Crispy Gamer

Crash of the Titans (Xbox 360)

To be just, like most former A-list videogame mascots, everyone's favorite dim-witted, super-speedy marsupial has seen his fair share of highs (Warped), lows (Twinsanity) and meh-who-gives-a-craps (The Wrath of Cortex). But frankly -- and pardon our French -- ever since token spin-off Crash Team Racing first raised the checkered flag on corporate America's sprint to cash in on his good name, a certain bad-ass bandicoot's been pimped out more times than the average Thai whore.

A shame, really: At this point, we're as inclined to like said hero's latest adventure -- workmanlike but unspectacular 3-D platform-hopping romp Crash of the Titans -- as much as any of his last half-dozen-odd faceless, thumb-numbing outings. The rub, of course, is that if you're a longtime fan of the lovable lug nut, you're probably going to feel a crushing sense of d&eacure;jà vu set in all too quickly for comfort after dropping $40 to $50 on this puppy. Then again, the truth is that whether you'll actually get your money's worth depends on how much you appreciate the core changes made to the title's otherwise bog-standard formula. Specifically, the addition of punches, kicks and upgradeable attack combos, as well as options to 'jack,' or stun and ride enemies, thereby stealing their moves, leave it feeling more like a brawler than a typical head-stomping romp.

For starters, let's ignore some of the less diverting, but still welcome distractions -- say, skating around on Aku Aku (your ever-witty, talking tribal mask of a pal) or having to hop on perilously spinning ledges -- the title naturally offers. More strikingly for series vets, you'll rather find yourself entranced most by new powers that let you swing away at mastodon-esque monstrosities, drop-kick giant bear-like critters, nick your enemies' special abilities by leaping up on their shoulders, or take random beasties for a joyride. Sometimes, this mechanic leads to truly compelling showdowns, as you leap from one spike-hurling or laser beam-spitting baddie to the next, especially during madcap boss fights. Others times, it just makes what was once a proud, hyper-caffeinated run-'n-jump jaunt devolve into a taxing waste of time, as there's only so much successive swiping, clawing and stun-inducing roaring one can do before tedium eventually sets in.

That's not to say you won't find the usual distractions (i.e. leaping bottomless gaps, twirling to hover above hordes of beaker-wielding grunts, and exploring twisted forests or temples filled with geometrically-impossible architecture) available -- quite the opposite in fact, especially when one considers quest creator Radical's obvious penchant for textbook-level design and juvenile laughs (get ready for some seriously lame one-liners and cheeky, pop culture-skewering puns -- including, go figure, the odd not-so-subtle poke at Mario). Offering a couple afternoons' worth of nutritionless entertainment, gallivanting around collecting gooey mojo (used to enhance Crash's powers) in random mini-game-style interludes or hurling projectiles at faraway, puzzle-solving targets can indeed prove amusing in short spurts. Nonetheless, the action's largely limited to a process of running and bounding along a linear path; encountering/defeating some low-level enemies; jacking a monster; using it to defeat other monsters; watching the path ahead open; then repeating the procedure until you've reached the end of the stage -- hardly noteworthy stuff.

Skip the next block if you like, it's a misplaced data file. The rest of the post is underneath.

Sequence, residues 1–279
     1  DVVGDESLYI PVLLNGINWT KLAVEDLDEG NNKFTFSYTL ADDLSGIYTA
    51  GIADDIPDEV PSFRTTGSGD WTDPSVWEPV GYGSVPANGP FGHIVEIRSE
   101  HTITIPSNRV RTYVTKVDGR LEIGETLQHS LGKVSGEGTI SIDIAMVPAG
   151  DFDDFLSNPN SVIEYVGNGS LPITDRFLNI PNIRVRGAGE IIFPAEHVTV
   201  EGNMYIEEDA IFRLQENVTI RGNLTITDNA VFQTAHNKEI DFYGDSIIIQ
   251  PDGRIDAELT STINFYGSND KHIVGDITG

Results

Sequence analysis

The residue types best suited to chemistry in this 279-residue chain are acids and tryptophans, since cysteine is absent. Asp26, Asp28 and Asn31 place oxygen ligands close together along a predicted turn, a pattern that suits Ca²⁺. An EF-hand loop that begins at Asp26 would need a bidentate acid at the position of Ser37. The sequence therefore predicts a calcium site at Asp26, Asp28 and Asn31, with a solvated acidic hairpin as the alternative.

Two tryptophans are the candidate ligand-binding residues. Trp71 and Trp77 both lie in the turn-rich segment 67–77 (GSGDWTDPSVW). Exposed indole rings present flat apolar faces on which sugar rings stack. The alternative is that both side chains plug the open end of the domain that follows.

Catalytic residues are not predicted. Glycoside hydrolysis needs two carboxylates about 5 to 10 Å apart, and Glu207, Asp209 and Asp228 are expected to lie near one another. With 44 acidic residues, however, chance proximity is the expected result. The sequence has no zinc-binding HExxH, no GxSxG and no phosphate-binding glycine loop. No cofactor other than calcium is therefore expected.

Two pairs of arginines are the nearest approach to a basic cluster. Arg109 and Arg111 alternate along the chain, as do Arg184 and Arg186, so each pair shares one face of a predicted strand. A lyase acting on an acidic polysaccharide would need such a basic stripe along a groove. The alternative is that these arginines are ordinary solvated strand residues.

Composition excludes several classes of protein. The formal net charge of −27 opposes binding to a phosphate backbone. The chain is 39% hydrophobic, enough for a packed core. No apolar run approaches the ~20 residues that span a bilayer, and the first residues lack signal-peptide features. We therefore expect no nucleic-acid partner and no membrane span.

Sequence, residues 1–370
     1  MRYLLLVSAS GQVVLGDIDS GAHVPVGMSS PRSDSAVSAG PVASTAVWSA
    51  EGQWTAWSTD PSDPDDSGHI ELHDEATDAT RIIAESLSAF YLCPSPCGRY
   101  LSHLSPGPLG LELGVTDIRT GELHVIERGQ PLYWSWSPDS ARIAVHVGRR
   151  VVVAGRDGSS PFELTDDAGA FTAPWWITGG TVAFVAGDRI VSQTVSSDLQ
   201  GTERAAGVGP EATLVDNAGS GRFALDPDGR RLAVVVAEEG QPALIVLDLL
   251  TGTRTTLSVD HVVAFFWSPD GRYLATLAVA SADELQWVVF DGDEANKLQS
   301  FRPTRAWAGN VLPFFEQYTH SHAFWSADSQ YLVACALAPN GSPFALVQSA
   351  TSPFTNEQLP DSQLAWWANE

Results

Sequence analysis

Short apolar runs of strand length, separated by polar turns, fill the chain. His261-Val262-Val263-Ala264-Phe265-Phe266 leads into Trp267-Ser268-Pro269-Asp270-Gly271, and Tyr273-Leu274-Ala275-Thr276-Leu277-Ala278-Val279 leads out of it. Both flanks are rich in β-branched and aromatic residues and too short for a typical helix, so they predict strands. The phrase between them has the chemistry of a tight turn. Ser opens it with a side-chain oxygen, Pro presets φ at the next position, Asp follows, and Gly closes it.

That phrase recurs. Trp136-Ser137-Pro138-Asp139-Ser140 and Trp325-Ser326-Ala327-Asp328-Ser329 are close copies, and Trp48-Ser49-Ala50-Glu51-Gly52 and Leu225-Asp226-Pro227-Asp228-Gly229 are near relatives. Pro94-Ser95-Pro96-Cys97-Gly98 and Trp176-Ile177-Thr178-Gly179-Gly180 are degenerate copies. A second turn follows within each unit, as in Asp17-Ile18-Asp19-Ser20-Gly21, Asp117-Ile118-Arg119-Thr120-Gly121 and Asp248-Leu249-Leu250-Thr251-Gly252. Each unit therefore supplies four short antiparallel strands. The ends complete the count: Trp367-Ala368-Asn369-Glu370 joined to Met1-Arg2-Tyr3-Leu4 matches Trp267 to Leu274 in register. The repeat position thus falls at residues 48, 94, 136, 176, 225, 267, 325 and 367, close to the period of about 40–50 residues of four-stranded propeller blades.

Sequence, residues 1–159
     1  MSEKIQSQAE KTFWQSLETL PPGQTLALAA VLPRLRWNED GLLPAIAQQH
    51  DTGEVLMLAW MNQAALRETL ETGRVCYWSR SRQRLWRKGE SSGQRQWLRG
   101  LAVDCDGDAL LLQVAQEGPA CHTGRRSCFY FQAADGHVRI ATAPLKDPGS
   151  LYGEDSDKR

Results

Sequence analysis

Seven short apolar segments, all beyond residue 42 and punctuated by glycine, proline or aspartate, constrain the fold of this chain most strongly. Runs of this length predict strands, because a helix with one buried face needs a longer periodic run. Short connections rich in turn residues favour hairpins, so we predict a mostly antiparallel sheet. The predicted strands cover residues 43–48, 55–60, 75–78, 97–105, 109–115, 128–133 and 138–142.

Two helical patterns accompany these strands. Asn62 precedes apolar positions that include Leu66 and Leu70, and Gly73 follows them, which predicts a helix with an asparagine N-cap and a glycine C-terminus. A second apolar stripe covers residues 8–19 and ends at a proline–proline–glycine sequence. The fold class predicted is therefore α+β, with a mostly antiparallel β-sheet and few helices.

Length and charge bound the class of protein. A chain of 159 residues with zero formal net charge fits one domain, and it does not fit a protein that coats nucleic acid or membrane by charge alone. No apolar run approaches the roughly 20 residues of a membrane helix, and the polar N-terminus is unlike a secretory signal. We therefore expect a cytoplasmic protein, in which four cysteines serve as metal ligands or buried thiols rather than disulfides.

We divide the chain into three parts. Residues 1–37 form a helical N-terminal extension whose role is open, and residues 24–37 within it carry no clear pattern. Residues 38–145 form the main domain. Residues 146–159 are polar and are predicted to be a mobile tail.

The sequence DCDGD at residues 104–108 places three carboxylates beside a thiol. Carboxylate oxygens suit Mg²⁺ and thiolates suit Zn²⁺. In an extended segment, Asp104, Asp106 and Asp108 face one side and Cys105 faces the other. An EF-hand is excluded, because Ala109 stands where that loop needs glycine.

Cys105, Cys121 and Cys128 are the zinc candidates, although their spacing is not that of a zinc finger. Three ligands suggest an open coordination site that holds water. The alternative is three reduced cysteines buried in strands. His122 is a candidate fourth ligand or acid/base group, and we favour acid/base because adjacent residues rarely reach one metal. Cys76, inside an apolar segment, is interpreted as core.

Pleasingly colorful and inventive visuals as well as a sizable assortment of gnarly-looking beasties (nothing beats giving lesser beings a good tentacle-slap with your Yuktopus) do help the saga save some face. In fact, it's one of the finer cotton-candy-consistency outings on the Xbox 360 (the version of the game we most recommend), with the sense of big, dumb fun only heightened by zany backgrounds and characters that truly spring to life in high-definition. But despite their garishlylit thrills, most areas you'll sprint across sadly lack any real atmosphere or inventiveness, feeling like clich&eacure;d genre set pieces (mounds of carbon-copy trees, crumbling caverns and tribal statues -- how novel!). Take our personal favorite: You fall to your death inches into chasms that seem more like fuzzy, still pictures superimposed on flat surfaces than fully three-dimensional drop-offs with any sense of height or depth. The simple storyline doesn't help, either (oh no, Dr. Cortex has -- gasp! -- captured Coco and friends... yet again), nor do vocals that universally fall into two camps: painfully high-pitched and gonzo, and even more ear-shatteringly annoying.

Kids will, one supposes, definitely appreciate the setup more, especially with two-man co-op options also available. But really, even with support for literally lugging a friend around in your backpack or swapping player control after every jump, a single playthrough will surely prove more than enough. Partial blame lies with the usual issues that plague this sort of adventure, e.g. camera positioning problems and obligatory bouts of repetitive button mashing. Even so, regardless of age, you're also be bound to be frustrated at times by the game's tendency to let enemies hit you with cheap shots while you attempt to stun other opponents (a process that requires several uninterrupted hits in quick succession -- hard to do when foes block incessantly or you're surrounded by large groups of adversaries...).

In other words, try before you buy -- and expect to see all the game has to offer in a single weekend rental. Old Crash himself may be better-looking and more armed to the teeth than ever, but we still remain unconvinced that next-gen sequels like this offer much above and beyond previous, more instantly gratifying adventures.

This review was based on a retail copy provided by the publisher.